Vegan Diets Provide All the Calcium You Need
Written by Eve Nguyen
Created Monday, 17 December 2012
Milk is considered to be unhealthy and unnecessary by researchers, Doctors and health experts around the globe.
Some of the reasons for this include:
- Humans are the only species that drink milk beyond infancy/childhood (other than domesticated animals such as cats and dogs for example). Past this age our body does not make the enzymes necessary to digest milk properly
- Dairy contains cholesterol and fat (especially saturated fat) which has been found to contribute to the development of heart disease, stroke and certain cancers. The human body makes enough cholesterol and does not need any from the diet.
- The China Study by Dr T. Colin Campbell strongly links milk protein to liver cancer in children of the Philippines. His research shows that the milk protein casein can turn on liver cancer growth and when taken out of the diet turns cancer growth off
- Many studies show that higher milk consumption is linked to HIGHER FRACTURE rates. The 12-year Harvard Nurses' Health Study involved 78,000 nurses. It found that nurses who drank the most milk (two or more glasses per day) had a 45% higher risk of hip fracture! A recent study in the British Medical Journal found that women with the highest calcium intake were 29% more likely to have a hip fracture than women with a modest calcium intake
- Many studies have found a strong correlation (link) between breast and prostate cancer.
- The milk protein casein has been found in artery deposits where it thickens artery walls and prevents blood from flowing through arteries freely as it should
- Type 1 diabetes (insulin-dependent) has been found to be linked to dairy consumption
- Milk contains contaminants ranging from pesticides to drugs/medications. Pesticides, polychlorinated biphenyls (PCBs), and dioxins are other examples of contaminants found in milk.
- Many studies note that iron-deficiency is more likely on a dairy-rich diet
- Cow’s milk has been linked to colic in breast- fed babies (the cow’s antibodies pass through the mother’s bloodstream and into her breast milk to the baby)
So How Much Calcium Do We Need?
A study involving over 60,000 Swedish women published in the British Medical Journal recently showed that women with a low calcium intake (less than 750mg/day) had a 24% increased risk of hip fracture. Women with the highest calcium intake (over 1137mg/day) had a 29% risk of hip fracture (higher than the low calcium group!). The healthy amount of calcium to eat per day would be about 880 – 995mg of calcium which is easily achieved on a vegan diet.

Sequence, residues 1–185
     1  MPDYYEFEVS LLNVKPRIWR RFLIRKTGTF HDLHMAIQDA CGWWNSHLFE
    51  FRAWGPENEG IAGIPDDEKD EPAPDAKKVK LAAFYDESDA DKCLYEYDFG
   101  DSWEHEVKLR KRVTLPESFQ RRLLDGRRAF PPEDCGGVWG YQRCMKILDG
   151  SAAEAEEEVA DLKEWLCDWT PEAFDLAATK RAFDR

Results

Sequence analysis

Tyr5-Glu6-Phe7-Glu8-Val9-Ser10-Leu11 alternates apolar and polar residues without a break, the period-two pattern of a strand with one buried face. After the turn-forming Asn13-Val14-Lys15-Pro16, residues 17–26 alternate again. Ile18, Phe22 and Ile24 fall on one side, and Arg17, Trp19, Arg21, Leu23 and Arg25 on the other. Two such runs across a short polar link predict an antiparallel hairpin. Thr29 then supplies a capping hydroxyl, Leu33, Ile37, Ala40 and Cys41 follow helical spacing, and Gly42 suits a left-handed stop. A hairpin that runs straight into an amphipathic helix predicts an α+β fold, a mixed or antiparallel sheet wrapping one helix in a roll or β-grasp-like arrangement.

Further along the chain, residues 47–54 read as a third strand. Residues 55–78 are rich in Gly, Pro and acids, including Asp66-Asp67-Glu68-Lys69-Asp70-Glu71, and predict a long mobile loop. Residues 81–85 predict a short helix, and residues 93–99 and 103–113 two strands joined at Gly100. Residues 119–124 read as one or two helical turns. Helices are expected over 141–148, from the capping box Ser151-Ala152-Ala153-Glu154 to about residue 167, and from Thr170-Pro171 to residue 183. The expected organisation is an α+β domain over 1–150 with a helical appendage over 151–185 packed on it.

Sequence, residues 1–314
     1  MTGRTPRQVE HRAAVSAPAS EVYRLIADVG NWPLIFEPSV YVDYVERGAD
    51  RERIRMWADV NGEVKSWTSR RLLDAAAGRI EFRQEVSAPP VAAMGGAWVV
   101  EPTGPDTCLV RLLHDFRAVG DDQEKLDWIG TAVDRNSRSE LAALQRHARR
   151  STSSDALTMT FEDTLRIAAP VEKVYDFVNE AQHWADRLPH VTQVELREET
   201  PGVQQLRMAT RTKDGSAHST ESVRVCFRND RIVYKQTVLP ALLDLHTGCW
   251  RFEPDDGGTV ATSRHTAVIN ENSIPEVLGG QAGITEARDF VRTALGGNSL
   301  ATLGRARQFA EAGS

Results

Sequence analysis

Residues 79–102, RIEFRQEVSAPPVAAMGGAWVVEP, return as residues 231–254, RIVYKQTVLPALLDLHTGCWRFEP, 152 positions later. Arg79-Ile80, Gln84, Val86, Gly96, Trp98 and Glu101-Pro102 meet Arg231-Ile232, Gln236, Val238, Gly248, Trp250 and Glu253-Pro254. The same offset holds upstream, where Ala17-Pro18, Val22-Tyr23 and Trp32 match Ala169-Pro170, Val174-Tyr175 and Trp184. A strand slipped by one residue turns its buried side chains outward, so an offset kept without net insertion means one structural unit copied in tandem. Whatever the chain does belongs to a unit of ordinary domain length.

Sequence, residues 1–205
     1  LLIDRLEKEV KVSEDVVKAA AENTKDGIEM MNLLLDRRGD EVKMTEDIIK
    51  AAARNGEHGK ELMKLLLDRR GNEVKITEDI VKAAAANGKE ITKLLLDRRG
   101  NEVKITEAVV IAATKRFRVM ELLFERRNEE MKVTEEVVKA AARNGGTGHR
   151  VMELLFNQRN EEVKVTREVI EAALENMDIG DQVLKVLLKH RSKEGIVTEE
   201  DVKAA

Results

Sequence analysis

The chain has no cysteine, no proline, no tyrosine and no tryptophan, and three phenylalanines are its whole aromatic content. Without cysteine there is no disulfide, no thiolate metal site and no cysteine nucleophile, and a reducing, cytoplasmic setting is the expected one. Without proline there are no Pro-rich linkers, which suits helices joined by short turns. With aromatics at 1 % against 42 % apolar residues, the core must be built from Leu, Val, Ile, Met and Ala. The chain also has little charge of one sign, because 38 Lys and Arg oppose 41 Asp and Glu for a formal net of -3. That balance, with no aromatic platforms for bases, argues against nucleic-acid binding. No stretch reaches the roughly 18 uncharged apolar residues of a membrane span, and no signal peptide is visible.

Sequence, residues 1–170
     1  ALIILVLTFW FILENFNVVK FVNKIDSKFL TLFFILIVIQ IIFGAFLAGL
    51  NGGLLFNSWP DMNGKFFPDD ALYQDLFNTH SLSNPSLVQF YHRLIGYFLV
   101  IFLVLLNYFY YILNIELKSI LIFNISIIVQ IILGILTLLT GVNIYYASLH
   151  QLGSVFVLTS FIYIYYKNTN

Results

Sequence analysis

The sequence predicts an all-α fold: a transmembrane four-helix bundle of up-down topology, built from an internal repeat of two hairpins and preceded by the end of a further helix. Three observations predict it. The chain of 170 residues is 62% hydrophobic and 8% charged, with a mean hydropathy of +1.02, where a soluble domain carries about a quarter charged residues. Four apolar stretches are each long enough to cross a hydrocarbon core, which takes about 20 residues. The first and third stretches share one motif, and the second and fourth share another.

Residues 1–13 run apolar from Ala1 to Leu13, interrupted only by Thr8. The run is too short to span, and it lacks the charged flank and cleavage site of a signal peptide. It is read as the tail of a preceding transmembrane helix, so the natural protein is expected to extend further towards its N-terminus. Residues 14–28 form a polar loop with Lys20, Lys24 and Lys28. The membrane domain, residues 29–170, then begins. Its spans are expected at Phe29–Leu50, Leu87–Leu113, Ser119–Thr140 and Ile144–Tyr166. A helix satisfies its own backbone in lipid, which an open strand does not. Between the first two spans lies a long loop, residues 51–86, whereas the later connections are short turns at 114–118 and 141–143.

So How Do I Maintain Healthy Bones?
Eat a healthy vegan diet containing green leafy vegetables, beans and pulses, nuts, seeds, broccoli, almonds, figs, sesame seeds, unhulled tahini, tofu etc. Such a diet contains other nutrients that are crucial for bone growth such as Vitamin K, magnesium, boron and healthy plant proteins. One easy (and tasty!) way to increase your green leafy vegetable intake is through green smoothies.
Get adequate vitamin D from sunshine and or supplementation! This will assist in calcium absorption. A lot of research is showing that vegan or not, most of the population do not have adeqate vitamin D levels.
Eat a diet with plenty of Vitamin K. Vitamin K helps to regulate calcium and bone formation. Vitamin K is found in a range of plant foods such as English spinach, kale, parsley brussel sprouts, broccoli, watercress, avocado etc. Eating such foods will also provide you with ample magnesium and potassium which aid in healthy bones.
Avoid excess sodium which can interfere with calcium absorption (particularly table salt).
Avoid animal proteins (meat, eggs, cheese etc.). Our bones absorb calcium but they also release calcium to neutralize certain amino-acids in these foods which cause the blood-stream to become acidic after eating them in a high animal protein meal.
Exercise regularly to build strong, dense bones
Eve Nguyen, ND is a degree-qualified Naturopath, CPAP therapist and K.L stretch teacher with over 10 years experience in the field of health and Nutrition. In addition to teaching nutrition and cooking classes, Eve was chosen to be a Fairfield City Green Champion in 2010. As a vegan with a particular interest in environmental impacts on our health, Eve enjoys delivering information/ presentations to help people realise the link between the state of the environment and their own health.
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